By the end of the century one in 10 species of birds in the world will be extinct and a further 15 per cent will be on the brink of extinction according to one of the largest studies of avian biodiversity.
The dire state of birds is documented in an American university study which shows their decline will accelerate rapidly in a world of habitat loss, disease, climate change and over-exploitation.
It is estimated that just over 1 per cent of bird species have become extinct in the past 500 years but this is set to increase tenfold over the next 100 years, according to a study led by Cagan Sekercioglu of Stanford University in California.
The researchers found that the loss of birds will not only have an impact on other wildlife but could also increase the risk of epidemic diseases hitting the human population.
They cite the recent decline of three species of Indian vulture, caused by the widespread use of a veterinary drug by local cattle farmers. The decline led to an explosion in the population of feral dogs feeding off dead cows, leading to 30,000 cases of human rabies a year.
"Our projections indicate that, by 2100, up to 14 per cent of all bird species may be extinct and that as many as one out of four may be functionally extinct, that is critically endangered or extinct in the wild," Dr Sekercioglu said. "Even though only 1.3 per cent of bird species have gone extinct since 1500, the global number of individual birds is estimated to have experienced a 20 to 25 per cent reduction during the same period," he said.
"Given the momentum of climate change, widespread habitat loss and increasing numbers of invasive species, avian declines and extinctions are predicted to continue unabated in the near future," he added.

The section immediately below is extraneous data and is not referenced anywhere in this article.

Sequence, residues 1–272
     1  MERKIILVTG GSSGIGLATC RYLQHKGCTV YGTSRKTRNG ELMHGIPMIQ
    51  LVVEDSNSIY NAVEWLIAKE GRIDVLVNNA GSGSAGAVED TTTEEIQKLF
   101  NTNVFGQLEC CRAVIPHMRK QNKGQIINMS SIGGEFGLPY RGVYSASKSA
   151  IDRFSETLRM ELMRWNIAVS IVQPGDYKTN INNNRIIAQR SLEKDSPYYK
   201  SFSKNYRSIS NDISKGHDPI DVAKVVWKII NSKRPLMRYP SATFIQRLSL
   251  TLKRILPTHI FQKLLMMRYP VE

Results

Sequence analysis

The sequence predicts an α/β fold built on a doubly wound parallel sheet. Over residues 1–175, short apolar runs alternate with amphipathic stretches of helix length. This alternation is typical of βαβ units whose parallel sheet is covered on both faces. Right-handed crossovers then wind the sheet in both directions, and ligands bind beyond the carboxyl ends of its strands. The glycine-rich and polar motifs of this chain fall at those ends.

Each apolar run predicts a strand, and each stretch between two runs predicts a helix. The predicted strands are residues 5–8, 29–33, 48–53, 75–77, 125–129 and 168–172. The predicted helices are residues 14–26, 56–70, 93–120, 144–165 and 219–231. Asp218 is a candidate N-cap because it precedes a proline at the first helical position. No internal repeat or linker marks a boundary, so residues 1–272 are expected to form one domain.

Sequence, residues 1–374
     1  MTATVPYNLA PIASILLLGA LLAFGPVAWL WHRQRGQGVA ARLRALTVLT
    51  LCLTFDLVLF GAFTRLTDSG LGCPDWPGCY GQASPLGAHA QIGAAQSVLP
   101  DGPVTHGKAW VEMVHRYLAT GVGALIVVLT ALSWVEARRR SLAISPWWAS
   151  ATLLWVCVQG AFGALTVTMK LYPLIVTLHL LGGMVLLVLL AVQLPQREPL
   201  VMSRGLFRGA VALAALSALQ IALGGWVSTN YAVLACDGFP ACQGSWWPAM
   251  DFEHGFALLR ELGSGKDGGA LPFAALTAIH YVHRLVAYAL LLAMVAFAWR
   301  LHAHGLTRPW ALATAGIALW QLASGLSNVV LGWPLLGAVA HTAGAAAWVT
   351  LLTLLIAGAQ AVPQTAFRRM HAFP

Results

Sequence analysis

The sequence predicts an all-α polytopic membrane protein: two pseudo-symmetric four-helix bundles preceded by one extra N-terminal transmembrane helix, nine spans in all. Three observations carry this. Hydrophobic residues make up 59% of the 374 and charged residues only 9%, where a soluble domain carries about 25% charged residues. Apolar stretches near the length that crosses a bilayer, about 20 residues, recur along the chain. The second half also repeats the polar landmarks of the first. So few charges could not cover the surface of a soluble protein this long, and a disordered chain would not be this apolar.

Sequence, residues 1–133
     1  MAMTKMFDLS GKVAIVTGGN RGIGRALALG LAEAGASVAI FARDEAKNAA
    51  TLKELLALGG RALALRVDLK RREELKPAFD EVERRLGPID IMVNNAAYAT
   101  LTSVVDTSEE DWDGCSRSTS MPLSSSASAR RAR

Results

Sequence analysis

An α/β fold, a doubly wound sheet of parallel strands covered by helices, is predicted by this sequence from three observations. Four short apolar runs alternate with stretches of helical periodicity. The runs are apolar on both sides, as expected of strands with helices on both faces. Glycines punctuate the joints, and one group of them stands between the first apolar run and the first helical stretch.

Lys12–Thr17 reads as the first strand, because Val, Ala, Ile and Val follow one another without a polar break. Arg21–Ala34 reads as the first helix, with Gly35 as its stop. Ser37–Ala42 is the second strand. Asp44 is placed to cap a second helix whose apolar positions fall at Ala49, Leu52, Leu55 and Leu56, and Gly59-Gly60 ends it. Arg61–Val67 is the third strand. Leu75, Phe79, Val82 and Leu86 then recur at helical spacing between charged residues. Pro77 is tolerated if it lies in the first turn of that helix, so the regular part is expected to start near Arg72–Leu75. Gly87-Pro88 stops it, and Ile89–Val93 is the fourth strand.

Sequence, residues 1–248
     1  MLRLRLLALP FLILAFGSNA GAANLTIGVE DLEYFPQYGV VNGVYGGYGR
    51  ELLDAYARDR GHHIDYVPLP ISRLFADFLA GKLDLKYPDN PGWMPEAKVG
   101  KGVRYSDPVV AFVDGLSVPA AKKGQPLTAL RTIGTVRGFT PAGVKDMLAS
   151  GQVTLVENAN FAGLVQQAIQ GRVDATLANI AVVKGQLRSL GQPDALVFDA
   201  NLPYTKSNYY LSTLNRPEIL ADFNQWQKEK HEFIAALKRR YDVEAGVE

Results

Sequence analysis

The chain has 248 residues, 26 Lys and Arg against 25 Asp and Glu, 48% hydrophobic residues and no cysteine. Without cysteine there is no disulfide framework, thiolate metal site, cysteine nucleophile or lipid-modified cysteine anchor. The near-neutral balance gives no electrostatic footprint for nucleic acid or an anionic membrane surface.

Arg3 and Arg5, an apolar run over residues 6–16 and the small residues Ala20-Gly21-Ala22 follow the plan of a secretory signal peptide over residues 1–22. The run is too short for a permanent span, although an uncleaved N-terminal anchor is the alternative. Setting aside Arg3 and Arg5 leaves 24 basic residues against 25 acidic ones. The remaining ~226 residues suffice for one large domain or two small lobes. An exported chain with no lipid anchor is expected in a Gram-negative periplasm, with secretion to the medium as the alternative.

The study involved analysis of all 9,787 species of birds alive today, and of the 129 species that have gone extinct recently, to produce one of the most comprehensive databases ever compiled into the state of one class of animals.
Using a computer forecast based on current rates of decline, the researchers found overall that just over one in four bird species is currently prone to extinction and 6.5 per cent are "functionally extinct", meaning they no longer play a meaningful role in the local ecology.
A quarter of fruit-eating birds and omnivorous species are in danger of becoming extinct, along with a third of herbivorous, fish-eating and scavenging species.
In the worst-case scenario put forward in the study published today in the journal Proceedings of the National Academy of Sciences, the researchers predict that threatened bird species will increase by 1 per cent each decade.
"These assumptions are conservative, since it is estimated that every year natural habitats and dependent vertebrate populations decrease by an average of 1.1 per cent," says the study.
Gretchen Daily, a member of the research team, said it may be difficult to imagine how the loss of a particular species of bird can cause an outbreak of human disease. "Yet consider the case of the passenger pigeon. Its loss is thought to have made Lyme's disease the huge problem it is today.
"When passenger pigeons were abundant and they used to occur in unimaginably large flocks of hundreds of millions of birds, the acorns on which they specialised would have been too scarce to support the large populations of deer mice, the main reservoir of Lyme's disease, that thrive on them today," said Professor Daily.
© 2004 Independent Digital (UK) Ltd